Jeeves then brings up the concept of emergence. The human brain is an unbelievably complex object. “The millions of neurons and their millions of interconnections form an ideal dynamical system. From this point of view, the elements of human neurobiology in the form of the cerebral cortex produce the cognitive properties of a whole person. (p. 45)” New causal properties emerge out of the complex, nonlinear interactions. Consciousness and perhaps a true element of “free” decision making ability may emerge out of this incredibly complex network.
The Evidence from Experiments. The argument so far is based on physics, chemistry, and perhaps metaphysics, but not on empirical evidence. This leads the discussion to Benjamin Libet’s classic experiment and its interpretation (or misinterpretation). In Ch. 5 Ben puts the question like this:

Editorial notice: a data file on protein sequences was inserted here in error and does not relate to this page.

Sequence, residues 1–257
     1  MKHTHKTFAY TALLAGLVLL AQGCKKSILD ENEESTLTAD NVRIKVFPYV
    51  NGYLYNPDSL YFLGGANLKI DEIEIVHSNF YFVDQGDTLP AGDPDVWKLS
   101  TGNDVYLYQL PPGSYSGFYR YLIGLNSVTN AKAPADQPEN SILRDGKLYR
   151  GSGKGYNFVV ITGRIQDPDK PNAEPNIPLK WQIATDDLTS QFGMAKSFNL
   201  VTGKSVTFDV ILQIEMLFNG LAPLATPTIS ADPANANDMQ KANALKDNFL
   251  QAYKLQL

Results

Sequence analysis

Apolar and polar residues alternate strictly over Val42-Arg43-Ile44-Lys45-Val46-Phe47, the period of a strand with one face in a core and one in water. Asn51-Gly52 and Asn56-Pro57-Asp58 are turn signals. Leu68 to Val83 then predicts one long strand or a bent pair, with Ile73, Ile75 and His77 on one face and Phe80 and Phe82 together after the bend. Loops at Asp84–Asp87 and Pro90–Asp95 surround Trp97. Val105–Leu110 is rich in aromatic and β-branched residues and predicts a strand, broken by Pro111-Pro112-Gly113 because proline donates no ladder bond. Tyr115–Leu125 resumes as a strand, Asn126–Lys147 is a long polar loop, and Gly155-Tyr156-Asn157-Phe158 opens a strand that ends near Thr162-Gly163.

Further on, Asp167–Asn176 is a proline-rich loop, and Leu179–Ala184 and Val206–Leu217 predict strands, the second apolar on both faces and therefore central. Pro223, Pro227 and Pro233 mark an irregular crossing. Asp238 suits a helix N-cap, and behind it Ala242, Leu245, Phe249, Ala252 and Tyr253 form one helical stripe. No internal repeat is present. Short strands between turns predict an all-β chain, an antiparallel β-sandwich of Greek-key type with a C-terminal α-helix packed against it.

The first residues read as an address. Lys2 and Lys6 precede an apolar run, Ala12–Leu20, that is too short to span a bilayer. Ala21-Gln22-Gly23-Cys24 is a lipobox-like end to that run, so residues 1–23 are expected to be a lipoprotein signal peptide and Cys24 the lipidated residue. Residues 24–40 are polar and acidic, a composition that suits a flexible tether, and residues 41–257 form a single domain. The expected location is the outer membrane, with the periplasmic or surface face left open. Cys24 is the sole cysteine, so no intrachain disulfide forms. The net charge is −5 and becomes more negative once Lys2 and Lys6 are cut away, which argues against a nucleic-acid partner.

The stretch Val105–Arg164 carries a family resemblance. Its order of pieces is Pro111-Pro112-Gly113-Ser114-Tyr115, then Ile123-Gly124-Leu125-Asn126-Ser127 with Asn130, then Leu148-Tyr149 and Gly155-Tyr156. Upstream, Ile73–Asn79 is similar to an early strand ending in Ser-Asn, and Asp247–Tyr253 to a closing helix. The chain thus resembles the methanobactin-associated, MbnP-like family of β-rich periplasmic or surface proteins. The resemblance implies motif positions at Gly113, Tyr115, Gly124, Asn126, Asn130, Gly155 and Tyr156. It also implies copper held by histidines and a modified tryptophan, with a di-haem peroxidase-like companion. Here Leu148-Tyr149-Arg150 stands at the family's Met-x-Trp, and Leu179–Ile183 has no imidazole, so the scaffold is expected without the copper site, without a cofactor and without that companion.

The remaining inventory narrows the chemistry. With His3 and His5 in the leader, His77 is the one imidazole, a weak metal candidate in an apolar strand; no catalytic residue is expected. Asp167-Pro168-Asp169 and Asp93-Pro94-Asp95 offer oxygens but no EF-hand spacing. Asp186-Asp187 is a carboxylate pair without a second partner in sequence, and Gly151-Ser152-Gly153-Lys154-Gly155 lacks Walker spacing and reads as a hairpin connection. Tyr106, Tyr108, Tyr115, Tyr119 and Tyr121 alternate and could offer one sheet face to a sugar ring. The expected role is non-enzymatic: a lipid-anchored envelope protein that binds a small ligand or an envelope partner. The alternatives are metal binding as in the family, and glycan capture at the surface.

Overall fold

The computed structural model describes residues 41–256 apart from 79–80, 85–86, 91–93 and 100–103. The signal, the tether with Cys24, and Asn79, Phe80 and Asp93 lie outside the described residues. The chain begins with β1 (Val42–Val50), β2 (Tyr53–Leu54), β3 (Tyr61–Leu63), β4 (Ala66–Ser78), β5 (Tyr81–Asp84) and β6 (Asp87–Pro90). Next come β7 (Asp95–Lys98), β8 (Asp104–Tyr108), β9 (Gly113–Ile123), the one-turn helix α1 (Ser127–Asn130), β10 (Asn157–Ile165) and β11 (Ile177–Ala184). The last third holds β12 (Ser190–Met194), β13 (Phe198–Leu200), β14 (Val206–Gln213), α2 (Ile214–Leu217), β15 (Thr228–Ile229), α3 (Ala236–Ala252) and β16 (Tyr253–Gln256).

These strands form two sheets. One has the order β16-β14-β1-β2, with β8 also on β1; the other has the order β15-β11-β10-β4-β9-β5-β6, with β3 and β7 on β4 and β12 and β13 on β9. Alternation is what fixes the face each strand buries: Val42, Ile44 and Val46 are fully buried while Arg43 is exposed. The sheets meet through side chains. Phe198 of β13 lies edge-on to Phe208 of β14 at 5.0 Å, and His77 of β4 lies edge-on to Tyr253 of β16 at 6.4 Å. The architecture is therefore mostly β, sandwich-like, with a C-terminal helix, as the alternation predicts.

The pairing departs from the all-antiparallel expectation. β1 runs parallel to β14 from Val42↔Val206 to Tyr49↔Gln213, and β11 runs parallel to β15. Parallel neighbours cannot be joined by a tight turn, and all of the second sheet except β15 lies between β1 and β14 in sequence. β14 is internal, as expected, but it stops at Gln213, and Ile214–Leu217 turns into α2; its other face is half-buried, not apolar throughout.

One of my friends, who is majoring in neuroscience, said that a very important paper was published in 1983 by a man named Benjamin Libet, who demonstrated that the conscious decision to make a movement came after the movement had been started. … Doesn’t that mean that any claim to decide to do this or do that is an illusion? That I’m merely reporting what my brain is already doing or has already done? (p. 54)
In reply Jeeves gives a brief description of Libet’s experiments and quotes from one of the original papers “Cerebral initiation even of a spontaneous voluntary act of the [kind] studied here can and usually does begin unconsciously. … The brain ‘decides’ to initiate or, at least, to prepare to initiate the act before there was any reportable subjective awareness that such a decision has taken place.” (B. Libet, Behavioral and Brain Sciences 8, 536, 1985) Perhaps conscious thought is not an initiator of anything but merely a reporter.
This seems to put the nail in the coffin for any real freedom of decision, but Libet’s conclusions are not the end of the story, only the beginning. Science is an ongoing discussion. No experiment is taken as the ultimate arbiter of truth, rather each result lights the way for future experiments. Jeeves does a good job of providing some insight into the process and into the kind of critical thinking that evaluates and seeks to validate or refute each new claim.